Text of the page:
Banks remain resilient despite facing headwind


THE Malaysian banking sector remains strong despite concerns on asset quality post-loan moratorium period and the lack of visibility, said sector analysts.

“We believe there could be a case of a re-rating for the sector should there be more visibility on the overall asset quality going forward.

“The recently implemented Conditional Movement Control Order in Selangor, Putrajaya and Kuala Lumpur, we believe, will have limited impact on banks given the limited impact to overall GDP this year,” MIDF Amanah Investment Bank Bhd (MIDF Research) analyst Imran Yassin Md Yusof stated in a research note yesterday, following an analyst briefing with Bank Negara Malaysia on Wednesday.

MIDF Research anticipates the financial performance of Malaysian non-financial corporates to deteriorate in the first half of 2020 (1H20) due to the business disruptions and weak demand from widespread global lockdowns to contain the spread of Covid-19.

The impact is more pronounced on small and medium enterprises (SMEs) as surveys revealed many smaller firms have limited financial buffers with cash reserves of only two months or less for expenses. The lower level of digitalisation among SMEs is also a constraint.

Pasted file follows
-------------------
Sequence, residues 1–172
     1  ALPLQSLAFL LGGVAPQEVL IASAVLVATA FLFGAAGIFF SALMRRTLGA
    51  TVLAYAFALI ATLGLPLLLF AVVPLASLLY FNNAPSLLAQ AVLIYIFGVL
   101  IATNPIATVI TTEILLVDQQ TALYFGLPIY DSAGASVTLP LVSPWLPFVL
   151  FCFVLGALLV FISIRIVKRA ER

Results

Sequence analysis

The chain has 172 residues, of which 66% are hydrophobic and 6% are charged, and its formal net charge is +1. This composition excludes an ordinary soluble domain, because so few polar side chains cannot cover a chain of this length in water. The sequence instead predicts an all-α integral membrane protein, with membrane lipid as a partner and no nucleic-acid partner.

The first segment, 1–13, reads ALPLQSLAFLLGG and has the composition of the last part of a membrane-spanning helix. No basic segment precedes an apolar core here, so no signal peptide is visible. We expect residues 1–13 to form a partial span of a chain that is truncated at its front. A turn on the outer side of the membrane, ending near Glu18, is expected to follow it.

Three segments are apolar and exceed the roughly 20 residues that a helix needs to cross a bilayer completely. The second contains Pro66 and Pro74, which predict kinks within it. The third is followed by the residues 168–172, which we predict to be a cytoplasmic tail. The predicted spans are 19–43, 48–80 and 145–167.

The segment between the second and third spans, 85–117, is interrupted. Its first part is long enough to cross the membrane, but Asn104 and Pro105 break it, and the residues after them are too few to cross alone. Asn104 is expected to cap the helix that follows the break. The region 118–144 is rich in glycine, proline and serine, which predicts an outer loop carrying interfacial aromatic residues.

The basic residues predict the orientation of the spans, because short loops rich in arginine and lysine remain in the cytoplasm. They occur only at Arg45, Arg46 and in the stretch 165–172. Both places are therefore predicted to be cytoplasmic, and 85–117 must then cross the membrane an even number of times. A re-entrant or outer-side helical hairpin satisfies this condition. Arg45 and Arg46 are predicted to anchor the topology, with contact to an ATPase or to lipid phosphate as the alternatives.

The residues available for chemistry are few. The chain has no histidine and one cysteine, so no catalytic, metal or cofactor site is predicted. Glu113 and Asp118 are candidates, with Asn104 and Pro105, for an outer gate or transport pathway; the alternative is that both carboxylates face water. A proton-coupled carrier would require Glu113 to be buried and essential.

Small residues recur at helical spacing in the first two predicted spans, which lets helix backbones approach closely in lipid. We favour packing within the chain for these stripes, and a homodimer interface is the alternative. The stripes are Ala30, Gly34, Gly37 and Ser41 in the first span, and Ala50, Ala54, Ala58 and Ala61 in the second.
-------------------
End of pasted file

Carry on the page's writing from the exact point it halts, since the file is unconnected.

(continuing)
Recovery on loan repayment post-moratorium has reached 70% of pre-moratorium levels. Pockets of risk remain for the sector as some service industries remain under strict constraints such as the tourism sector.

“With the automatic loan moratorium in place, the total banking system impairments and delinquencies have remained low, but are expected to increase in the period ahead,” MIDF Research forecast.

AmInvestment Bank Bhd analyst Kelvin Ong said despite the weaker earnings of banks in 1H20, weighed down by margin compression from the consecutive Overnight Policy Rate cuts and higher provisions for credit losses, banks maintained healthy capital and liquidity positions.

“Annualised credit cost rose to 56 basis points (bps) compared to an average of 20bps for 2010-2019. Liquidity coverage ratio was sustained at 149% in June 2020, while excess capital buffers of RM121.6 billion remained strong to withstand potential credit losses,” he said.

Ong said the gross impaired loan ratio for the sector was at a low 1.5% due to most retail and SME loans placed under the automatic blanket loan moratorium for six months.

Debt recovery efforts by banks have reduced the outstanding loan impairments for the sector.

For now, both MIDF Research and AmInvestment Bank maintain a ‘Neutral’ call on the banking sector.

MIDF Research’s top pick is BIMB Holdings Bhd with a target price of RM4.25 due to its asset quality which is expected to be stable on account of its borrower’s profile.

AmInvestment Bank’s top picks are Malayan Banking Bhd with a fair value (FV) of RM8.40 per share, RHB Bank Bhd (RM5.70 per share) and Hong Leong Bank Bhd with an FV of RM16.80 per share.